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Sit-ins and Desegregation in the U.S. South in the Early 1960s

Version
v1
Resource Type
Dataset : administrative records data, census/enumeration data, event/transaction data
Creator
  • Andrews, Kenneth T. (University of North Carolina)
  • Biggs, Michael (University of Oxford)
Other Title
  • Version 1 (Subtitle)
Publication Date
2015-05-08
Language
English
Free Keywords
African Americans; civil disobedience; civil rights; Confederate States of America; demonstrators; desegregation; peace movements; protest demonstrations; race; racial discrimination; racial integration; racial segregation; segregation; social inequality; social movements
Description
  • Abstract

    This study examines the causes and consequences of sit-ins in the American South. It was motivated by four questions: (1) Why did sit-ins occur in some cities rather than others in the spring of 1960? (2) Did movement organizations grow faster where sit-ins occurred? (3) Why did desegregation occur in some cities but not others in 1960-1961? (4) Was desegregation more likely where sit-ins occurred? To answer these questions, data was collected on cities in the states of the former Confederacy plus Maryland, Kentucky, and West Virginia. All urban places with a population of at least 10,000 and a Black population of at least 1,000 are included. These provide the 334 observations. Variables include dates of sit-in protest and of the desegregation of lunch counters, social and economic characteristics from the 1960 Census, geographical location, Civil Rights organizations, newspaper circulation, and athletic affiliations of Black colleges.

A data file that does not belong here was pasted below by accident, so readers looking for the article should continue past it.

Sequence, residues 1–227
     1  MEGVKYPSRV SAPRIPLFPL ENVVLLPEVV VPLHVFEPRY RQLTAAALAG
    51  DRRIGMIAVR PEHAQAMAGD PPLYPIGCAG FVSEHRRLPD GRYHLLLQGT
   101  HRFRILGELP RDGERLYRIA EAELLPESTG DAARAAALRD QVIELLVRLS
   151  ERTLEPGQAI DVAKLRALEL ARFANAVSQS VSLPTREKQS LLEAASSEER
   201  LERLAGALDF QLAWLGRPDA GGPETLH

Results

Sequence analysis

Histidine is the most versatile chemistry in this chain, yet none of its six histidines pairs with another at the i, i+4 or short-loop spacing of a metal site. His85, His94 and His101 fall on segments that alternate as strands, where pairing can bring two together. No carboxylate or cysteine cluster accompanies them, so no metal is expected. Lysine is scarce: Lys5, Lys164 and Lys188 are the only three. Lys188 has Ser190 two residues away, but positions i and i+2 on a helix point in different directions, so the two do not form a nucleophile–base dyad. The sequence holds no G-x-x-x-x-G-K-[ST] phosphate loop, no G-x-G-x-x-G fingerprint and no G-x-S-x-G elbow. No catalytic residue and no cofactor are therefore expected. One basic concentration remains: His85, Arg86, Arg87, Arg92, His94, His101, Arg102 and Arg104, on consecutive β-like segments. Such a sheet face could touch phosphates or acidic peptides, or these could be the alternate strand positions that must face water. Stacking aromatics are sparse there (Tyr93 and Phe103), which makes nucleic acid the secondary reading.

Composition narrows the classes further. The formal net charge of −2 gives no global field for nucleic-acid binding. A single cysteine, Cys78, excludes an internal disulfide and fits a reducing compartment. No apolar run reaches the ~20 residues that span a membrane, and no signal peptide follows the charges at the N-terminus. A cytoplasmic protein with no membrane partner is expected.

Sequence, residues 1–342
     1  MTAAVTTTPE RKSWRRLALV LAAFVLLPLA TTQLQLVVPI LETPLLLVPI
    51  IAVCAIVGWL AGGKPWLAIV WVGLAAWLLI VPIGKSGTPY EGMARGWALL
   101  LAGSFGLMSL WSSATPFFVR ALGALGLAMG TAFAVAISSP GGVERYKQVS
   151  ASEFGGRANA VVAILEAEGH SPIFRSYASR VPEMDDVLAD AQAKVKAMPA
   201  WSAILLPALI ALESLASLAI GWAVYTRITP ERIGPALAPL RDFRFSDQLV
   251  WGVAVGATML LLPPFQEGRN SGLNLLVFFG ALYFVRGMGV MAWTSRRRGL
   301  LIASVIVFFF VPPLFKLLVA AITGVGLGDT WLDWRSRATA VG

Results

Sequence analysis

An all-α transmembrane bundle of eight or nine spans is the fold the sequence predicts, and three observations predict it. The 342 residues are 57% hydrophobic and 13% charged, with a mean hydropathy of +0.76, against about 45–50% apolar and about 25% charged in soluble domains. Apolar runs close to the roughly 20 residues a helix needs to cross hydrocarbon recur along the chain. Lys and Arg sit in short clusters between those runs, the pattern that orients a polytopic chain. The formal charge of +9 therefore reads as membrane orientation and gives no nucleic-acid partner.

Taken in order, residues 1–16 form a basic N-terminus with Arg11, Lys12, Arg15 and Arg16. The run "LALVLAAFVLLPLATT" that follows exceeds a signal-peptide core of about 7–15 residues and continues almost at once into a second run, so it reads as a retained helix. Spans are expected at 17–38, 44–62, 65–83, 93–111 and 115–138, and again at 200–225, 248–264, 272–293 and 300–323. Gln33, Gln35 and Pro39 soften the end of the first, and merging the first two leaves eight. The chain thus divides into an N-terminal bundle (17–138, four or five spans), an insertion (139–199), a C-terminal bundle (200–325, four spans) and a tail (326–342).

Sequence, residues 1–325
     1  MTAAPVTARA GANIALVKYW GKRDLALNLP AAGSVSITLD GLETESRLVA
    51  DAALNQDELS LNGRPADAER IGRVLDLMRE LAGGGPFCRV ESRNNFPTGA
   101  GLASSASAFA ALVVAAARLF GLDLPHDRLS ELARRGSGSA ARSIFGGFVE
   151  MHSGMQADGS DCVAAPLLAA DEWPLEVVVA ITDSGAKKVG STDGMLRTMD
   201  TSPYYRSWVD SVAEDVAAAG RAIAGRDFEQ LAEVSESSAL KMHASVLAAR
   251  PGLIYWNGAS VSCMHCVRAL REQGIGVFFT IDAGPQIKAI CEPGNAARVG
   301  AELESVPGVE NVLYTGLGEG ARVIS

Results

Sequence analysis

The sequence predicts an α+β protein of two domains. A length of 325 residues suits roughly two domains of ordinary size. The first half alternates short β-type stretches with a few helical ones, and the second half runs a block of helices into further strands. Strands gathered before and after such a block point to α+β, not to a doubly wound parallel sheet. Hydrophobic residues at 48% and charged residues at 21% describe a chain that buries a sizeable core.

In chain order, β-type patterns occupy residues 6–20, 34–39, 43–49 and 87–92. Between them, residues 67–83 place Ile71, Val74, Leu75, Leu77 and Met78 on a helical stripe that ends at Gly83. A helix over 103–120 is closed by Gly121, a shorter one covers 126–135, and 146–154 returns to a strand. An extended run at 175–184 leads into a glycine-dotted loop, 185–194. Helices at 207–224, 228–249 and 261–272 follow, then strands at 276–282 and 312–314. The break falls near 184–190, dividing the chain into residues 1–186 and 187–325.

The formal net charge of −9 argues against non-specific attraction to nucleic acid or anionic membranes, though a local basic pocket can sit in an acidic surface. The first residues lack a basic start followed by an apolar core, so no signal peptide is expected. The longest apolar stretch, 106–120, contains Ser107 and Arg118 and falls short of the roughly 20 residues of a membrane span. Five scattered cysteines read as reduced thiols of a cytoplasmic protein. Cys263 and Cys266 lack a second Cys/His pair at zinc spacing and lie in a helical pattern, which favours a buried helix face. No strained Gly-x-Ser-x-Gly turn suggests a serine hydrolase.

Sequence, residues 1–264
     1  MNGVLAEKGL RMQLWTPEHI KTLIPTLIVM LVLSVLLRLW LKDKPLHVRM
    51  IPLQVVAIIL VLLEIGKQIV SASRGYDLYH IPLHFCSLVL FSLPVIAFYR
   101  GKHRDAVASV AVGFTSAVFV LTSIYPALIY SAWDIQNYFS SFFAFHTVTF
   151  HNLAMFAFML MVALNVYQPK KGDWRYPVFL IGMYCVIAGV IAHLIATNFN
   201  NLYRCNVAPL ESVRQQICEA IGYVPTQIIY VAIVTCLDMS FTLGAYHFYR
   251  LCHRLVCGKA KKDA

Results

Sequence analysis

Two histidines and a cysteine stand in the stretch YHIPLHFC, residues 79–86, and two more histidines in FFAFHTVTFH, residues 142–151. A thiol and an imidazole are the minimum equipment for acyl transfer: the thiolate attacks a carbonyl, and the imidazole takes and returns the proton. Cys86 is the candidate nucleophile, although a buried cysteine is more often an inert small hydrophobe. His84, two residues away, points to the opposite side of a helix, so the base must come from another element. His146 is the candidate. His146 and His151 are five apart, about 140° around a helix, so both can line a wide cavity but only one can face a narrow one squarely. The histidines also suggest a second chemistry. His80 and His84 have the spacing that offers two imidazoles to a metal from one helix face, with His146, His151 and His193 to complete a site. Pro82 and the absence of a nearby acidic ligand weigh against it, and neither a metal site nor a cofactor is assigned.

• Abstract

    This study examines the causes and consequences of sit-ins in the American South. It was motivated by four questions: (1) Why did sit-ins occur in some cities rather than others in the spring of 1960? (2) Did movement organizations grow faster where sit-ins occurred? (3) Why did desegregation occur in some cities but not others in 1960-1961? (4) Was desegregation more likely where sit-ins occurred?
  • Abstract

    Data was collected on cities in the states of the former Confederacy plus Maryland, Kentucky, and West Virginia. All urban places with a population of at least 10,000 and a Black population of at least 1,000 are included.
  • Abstract

    Variables include dates of sit-in protests and of the desegregation of lunch counters, social and economic characteristics from the 1960 Census, geographical location, Civil Rights organizations, newspaper circulation, and athletic affiliations of black colleges.
  • Methods

    ICPSR data undergo a confidentiality review and are altered when necessary to limit the risk of disclosure. ICPSR also routinely creates ready-to-go data files along with setups in the major statistical software formats as well as standard codebooks to accompany the data. In addition to these procedures, ICPSR performed the following processing steps for this data collection: Performed consistency checks.; Created variable labels and/or value labels.; Checked for undocumented or out-of-range codes..
  • Table of Contents

    Datasets:

    • DS1: Dataset
Temporal Coverage
  • 1960 / 1961
    Time period: 1960--1961
Geographic Coverage
  • Alabama
  • Arkansas
  • Florida
  • Georgia
  • Kentucky
  • Louisiana
  • Maryland
  • Mississippi
  • Missouri
  • Tennessee
  • Texas
  • Virginia
  • West Virginia
Sampled Universe
Cities in the American South, defined as states of the former Confederacy plus Maryland, Kentucky, and West Virginia Smallest Geographic Unit: City
Sampling
All urban places with a total population of at least ten thousand and a nonwhite population of at least one thousand in 1960.
Availability
Download
This study is freely available to ICPSR member institutions via web download.
Alternative Identifiers
  • 35630 (Type: ICPSR Study Number)

Update Metadata: 2015-08-05 | Issue Number: 6 | Registration Date: 2015-06-16

Andrews, Kenneth T.; Biggs, Michael (2015): Sit-ins and Desegregation in the U.S. South in the Early 1960s. Version 1. Version: v1. ICPSR - Interuniversity Consortium for Political and Social Research. Dataset. https://doi.org/10.3886/ICPSR35630.v1